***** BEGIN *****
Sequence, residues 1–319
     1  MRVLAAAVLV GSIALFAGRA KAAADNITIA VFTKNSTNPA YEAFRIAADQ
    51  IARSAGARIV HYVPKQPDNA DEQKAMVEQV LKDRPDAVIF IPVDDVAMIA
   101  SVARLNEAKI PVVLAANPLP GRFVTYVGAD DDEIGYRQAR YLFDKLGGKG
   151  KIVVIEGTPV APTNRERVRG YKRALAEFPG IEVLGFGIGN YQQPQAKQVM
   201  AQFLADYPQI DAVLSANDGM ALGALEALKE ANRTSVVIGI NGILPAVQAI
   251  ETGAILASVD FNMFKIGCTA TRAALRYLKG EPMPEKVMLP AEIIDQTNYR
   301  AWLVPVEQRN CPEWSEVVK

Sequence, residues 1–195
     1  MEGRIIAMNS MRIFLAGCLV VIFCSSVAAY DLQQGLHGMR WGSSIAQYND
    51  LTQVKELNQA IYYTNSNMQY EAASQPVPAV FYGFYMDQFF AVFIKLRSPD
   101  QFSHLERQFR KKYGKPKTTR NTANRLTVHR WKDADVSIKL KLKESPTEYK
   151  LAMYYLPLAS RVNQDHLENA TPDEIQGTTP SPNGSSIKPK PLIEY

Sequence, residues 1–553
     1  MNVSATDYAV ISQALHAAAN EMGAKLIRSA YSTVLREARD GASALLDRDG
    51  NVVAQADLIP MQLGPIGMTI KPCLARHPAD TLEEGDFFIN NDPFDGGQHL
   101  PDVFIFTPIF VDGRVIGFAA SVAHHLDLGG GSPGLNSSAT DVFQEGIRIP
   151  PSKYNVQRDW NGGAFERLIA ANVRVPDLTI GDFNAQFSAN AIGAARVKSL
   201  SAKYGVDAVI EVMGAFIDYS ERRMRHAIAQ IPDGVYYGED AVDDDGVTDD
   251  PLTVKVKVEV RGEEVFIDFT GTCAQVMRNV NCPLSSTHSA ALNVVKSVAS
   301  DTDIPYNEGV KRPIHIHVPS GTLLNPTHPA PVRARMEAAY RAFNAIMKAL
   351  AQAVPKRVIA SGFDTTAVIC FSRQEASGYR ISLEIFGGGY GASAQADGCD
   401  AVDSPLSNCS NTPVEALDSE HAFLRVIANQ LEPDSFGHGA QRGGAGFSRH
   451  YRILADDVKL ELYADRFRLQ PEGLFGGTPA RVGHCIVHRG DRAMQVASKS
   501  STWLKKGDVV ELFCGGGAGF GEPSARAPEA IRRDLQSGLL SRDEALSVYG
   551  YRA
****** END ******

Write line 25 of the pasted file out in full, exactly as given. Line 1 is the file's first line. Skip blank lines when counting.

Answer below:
   501  STWLKKGDVV ELFCGGGAGF GEPSARAPEA IRRDLQSGLL SRDEALSVYG